A good portion of this issue is action, as Kara and Alex fight the Fort Rozz robots and Kara faces off against Facet. Both Kara and Alex are left the worse for wear after the encounter. While we know there won’t be anything too serious happening to our main characters since the comic ties into the television series, the action sequences were still quite engaging, particularly in terms of the art.

Adventures of Supergirl #9 page 2

As with the previous issue, we see a fair amount of Kryptonian as the Fort Rozz robots and Facet speak. However, Facet also speaks a language that Kara didn’t recognize that was represented by squiggly lines. This only enhances Kara’s frustration with the mystery that underlies the entire issue — and the comic as a whole, as we learn that everything ties together after all.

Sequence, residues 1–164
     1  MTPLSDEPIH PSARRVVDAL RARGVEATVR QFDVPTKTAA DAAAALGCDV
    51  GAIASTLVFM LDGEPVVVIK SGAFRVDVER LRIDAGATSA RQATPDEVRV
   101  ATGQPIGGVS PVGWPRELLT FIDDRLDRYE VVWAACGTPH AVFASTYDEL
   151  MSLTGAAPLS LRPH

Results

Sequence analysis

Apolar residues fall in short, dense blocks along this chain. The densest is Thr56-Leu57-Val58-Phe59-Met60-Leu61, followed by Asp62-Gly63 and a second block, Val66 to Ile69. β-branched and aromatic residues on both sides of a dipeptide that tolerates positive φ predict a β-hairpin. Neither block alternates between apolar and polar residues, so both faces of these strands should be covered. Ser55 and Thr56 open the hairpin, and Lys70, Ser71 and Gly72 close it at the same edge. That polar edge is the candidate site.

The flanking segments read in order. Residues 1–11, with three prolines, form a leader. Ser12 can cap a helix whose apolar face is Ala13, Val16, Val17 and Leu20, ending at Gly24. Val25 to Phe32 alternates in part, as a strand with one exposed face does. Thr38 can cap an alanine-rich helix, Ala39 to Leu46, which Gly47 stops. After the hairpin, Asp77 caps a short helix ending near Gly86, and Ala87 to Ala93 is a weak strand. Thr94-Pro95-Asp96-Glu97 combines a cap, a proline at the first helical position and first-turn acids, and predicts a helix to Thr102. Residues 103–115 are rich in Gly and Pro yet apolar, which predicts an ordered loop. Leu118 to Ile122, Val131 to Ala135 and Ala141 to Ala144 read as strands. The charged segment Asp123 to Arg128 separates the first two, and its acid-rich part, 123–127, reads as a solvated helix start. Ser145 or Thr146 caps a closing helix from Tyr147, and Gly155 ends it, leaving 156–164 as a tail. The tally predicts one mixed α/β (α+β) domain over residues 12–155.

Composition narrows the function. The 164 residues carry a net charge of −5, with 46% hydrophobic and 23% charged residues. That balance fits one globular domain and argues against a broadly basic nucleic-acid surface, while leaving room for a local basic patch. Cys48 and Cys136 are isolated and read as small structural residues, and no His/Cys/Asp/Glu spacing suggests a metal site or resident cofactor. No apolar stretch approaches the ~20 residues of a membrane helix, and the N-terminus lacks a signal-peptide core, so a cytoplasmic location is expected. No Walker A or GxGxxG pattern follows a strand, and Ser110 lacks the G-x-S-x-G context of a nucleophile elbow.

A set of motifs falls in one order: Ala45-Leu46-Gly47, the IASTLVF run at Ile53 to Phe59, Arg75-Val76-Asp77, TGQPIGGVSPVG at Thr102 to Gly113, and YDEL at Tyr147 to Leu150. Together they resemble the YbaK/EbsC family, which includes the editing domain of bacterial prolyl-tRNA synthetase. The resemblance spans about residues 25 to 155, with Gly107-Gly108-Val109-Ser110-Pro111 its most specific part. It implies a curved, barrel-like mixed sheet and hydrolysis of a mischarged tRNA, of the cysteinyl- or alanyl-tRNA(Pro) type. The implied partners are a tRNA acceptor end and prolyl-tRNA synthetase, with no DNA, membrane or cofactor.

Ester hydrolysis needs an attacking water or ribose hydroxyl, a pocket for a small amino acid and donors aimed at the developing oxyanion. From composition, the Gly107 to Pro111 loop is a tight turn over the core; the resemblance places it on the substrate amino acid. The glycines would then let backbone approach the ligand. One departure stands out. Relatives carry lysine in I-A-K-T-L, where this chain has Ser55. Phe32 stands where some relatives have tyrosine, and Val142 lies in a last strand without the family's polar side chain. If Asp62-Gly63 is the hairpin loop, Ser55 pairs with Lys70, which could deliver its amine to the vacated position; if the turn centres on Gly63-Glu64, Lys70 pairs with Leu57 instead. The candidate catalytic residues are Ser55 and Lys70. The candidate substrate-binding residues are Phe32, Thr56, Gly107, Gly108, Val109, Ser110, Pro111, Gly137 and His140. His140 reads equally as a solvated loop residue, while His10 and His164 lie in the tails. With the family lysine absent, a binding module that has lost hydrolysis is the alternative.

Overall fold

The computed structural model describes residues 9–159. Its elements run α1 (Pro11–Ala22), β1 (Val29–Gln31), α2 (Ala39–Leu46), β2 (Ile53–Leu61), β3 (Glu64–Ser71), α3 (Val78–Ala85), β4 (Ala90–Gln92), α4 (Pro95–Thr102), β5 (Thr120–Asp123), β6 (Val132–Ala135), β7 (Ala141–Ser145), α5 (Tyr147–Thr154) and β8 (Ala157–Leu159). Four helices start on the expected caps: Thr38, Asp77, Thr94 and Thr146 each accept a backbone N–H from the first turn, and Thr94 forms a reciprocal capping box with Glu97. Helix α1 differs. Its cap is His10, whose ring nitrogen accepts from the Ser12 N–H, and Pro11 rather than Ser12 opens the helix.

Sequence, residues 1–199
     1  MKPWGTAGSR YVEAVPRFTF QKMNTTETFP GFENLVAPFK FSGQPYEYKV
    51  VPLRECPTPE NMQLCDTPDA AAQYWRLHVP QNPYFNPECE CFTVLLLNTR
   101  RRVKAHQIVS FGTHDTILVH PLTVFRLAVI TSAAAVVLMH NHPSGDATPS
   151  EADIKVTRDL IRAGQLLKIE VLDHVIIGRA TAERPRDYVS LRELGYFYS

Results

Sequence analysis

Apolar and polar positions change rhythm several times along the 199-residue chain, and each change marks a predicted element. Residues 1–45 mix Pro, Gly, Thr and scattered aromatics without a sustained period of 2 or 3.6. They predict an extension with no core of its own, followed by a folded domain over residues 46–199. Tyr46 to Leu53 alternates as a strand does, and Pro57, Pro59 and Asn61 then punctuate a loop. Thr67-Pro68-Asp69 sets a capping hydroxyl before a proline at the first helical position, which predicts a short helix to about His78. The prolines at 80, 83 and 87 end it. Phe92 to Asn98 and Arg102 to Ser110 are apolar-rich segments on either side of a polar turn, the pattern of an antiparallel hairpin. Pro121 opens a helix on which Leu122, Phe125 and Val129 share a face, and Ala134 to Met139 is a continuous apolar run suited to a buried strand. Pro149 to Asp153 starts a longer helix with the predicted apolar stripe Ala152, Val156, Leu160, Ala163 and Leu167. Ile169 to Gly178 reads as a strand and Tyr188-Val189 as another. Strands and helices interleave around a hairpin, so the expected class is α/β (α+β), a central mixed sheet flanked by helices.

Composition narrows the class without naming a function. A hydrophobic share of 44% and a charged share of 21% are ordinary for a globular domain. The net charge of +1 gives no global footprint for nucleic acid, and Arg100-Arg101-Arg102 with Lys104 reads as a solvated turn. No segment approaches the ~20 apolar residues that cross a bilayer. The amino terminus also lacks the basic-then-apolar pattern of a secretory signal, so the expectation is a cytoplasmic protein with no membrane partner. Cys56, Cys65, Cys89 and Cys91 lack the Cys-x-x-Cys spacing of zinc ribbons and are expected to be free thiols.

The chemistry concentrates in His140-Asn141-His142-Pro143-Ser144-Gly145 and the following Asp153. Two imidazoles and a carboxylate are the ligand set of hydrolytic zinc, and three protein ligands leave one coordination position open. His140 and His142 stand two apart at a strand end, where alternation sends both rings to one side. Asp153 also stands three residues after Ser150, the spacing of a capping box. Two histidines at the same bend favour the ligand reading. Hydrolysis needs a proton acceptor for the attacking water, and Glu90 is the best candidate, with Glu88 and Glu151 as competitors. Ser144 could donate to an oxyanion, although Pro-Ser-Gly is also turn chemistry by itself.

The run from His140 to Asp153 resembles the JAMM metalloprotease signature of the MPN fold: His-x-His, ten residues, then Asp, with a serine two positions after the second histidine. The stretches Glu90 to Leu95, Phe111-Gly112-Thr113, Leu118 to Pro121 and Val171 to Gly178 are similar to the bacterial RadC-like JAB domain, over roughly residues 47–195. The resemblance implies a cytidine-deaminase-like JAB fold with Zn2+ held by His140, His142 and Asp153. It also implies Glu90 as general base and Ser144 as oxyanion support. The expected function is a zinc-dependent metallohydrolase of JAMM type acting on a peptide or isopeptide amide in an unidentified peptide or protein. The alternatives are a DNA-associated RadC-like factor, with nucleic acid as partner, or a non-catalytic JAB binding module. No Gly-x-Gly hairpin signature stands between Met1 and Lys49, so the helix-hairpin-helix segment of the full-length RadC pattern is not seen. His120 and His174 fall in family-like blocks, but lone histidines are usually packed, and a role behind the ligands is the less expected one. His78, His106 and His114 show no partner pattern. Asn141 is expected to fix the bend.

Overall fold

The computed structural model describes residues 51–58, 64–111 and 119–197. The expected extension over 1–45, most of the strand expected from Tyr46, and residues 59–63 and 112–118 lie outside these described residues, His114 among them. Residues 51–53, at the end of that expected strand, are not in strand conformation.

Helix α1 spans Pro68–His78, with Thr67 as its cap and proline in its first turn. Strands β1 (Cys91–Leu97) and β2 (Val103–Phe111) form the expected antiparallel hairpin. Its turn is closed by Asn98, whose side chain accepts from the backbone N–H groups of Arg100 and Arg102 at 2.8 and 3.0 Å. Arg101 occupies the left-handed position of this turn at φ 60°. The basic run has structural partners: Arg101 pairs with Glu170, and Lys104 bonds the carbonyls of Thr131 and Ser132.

With four issues left, I assume Kara will get some answers from the Alura AI about Facet. This new villain tying into the life of Alura makes a lot of sense considering the television series spent quite a lot of time exploring the consequences of Alura’s actions on Krypton. As her daughter, Kara has had to face many who held grudges against Alura for sentencing them to Fort Rozz so thematically, this issue of Adventures of Supergirl ties in nicely with the series in that way.

Reading Adventures of Supergirl every other week is like catching up with a good friend you only see every now and then — especially now that Supergirl is on break for the summer. I look forward to seeing where the story goes from here and finding out just who Facet is and why she’s taken such an interest in Kara.

Adventures of Supergirl #10 will be released on Monday, May 30.

Fred Armisen hosted the season 41 finale of SNL with musical guest Courtney Barnett. He also brought along a couple of familiar friends as well.